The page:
One of the best things about the sport of rugby is its inclusivity. Whatever your size, weight, or level of athleticism, there is a place for you on the rugby field. Big, naturally strong players usually gravitate toward the forwards, while smaller, more agile players, usually make better backs.
This picture shows the difference in stature from the forwards to the backs. It’s hard to imagine more different body types, and yet, even at the elite level, players’ size can vary enormously:
Because of this, players from different positions also need to train differently. Of course, all players need to be fit and strong, but where forwards need unyielding brute force, backs need more speed and agility.
In this article, we are going to examine the physical demands faced by the outside backs and outline the training concepts that should guide your training.
All ruggers need strength. Strength is the foundation on which all other fitness components are built. A good strength base will allow for higher levels of speed, power, and agility. Strength can also help increase joint mobility and reduce your risk of injury. Increased muscle mass, the by-product of strength training, acts like armor to protect you from impacts.
There are lots of ways you can train for strength, not least our very own 20-1-20 rugby strength training program. The critical thing to remember is that strength training for rugby is not the same as bodybuilding training. If your workouts aren’t making you stronger, or otherwise increasing your performance, you are wasting valuable time and energy. Even if your muscles are getting bigger!
Power is strength produced quickly. It’s the difference between a slow, heavy squat and an explosive squat jump. Where forwards need that slow, grinding strength, outside backs need more power.
Developing power generally means plyometric training and variations of the Olympic lifts. Medicine ball throws are also useful power exercises. Power exercises are performed explosively. Think about it like this, you can’t jump slowly. Instead, if you want to develop power, you need to move fast.
Strength and power are similar enough that they can often be combined in the same workout but different enough that each should be emphasized over the course of the training year. Because of this, rugby strength training should be periodized. This means it changes based on where you are in the season. Most ruggers should break their training down into off-season, pre-season, and in-season. Get periodized strength training programs sent directly to your phone with our rugby training app!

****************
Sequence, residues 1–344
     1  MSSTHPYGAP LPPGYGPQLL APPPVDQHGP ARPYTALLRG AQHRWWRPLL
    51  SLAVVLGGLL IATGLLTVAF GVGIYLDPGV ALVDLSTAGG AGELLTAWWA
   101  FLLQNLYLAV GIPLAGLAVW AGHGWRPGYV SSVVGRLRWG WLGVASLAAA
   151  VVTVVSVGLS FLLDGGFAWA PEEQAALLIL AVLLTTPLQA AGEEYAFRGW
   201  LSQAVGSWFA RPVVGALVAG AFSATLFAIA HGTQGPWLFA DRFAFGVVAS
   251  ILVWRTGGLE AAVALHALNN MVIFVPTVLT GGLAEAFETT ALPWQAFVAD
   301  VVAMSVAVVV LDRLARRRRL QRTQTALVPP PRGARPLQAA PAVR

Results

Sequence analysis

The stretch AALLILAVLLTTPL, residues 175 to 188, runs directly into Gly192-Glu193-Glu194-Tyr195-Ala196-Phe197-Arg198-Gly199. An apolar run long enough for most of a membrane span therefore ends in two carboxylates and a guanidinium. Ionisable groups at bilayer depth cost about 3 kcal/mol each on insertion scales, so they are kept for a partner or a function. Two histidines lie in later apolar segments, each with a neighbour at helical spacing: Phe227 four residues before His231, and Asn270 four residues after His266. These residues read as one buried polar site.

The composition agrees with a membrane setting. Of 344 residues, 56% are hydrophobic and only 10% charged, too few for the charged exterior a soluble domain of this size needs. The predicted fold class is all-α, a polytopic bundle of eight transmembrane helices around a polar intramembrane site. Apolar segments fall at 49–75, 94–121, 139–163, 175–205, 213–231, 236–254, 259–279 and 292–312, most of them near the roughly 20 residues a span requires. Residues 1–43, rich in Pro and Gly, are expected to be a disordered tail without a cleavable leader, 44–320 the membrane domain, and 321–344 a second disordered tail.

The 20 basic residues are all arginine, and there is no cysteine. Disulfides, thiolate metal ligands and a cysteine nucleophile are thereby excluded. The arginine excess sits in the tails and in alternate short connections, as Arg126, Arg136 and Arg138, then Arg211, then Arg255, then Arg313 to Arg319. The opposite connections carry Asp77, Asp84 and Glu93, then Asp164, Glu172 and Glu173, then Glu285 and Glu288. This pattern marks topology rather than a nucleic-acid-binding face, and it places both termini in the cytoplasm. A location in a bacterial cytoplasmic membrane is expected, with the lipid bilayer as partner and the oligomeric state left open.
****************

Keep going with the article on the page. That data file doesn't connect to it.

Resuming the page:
Outside backs need speed – both to evade the opposition while in possession and attacking, and in defense. While speed is a natural trait determined mainly by genetics, it is also trainable. Even if you are a lumbering carthorse, you can train yourself to sprint faster.
Strength and power training can help make you quicker but, because of the law of specificity, if you want to develop greater sprinting speed, you need to get out and do some sprint training.
All outside backs should include dedicated sprint training in their workouts. They also need speed endurance. It’s not enough to be able to run the length of the pitch super-fast; you need to be able to perform this feat over and over again. You can read more about the importance of speed and how to develop it in this article.
Developing speed and speed endurance requires different approaches to training. Pure speed is a lot like power and should involve maximal effort period of work paired with long rests. Think quality and not quantity.
Speed endurance, like all feats of endurance, is all about overloading recovery by doing lots of work separated by short rests, as well as over-distance training.
Strength, power, speed, and speed endurance should be the cornerstones of your rugby conditioning training. You need to be more than fit and strong to be a successful rugger. Outside backs also need to work on their skills.
Note: The stronger, more powerful, and faster you are, the better your performance in the following skills should be. That’s why general physical preparation (GPP) is so essential for ruggers, especially in the off-season. Without a solid foundation of GPP, you will not reach the same performance highs.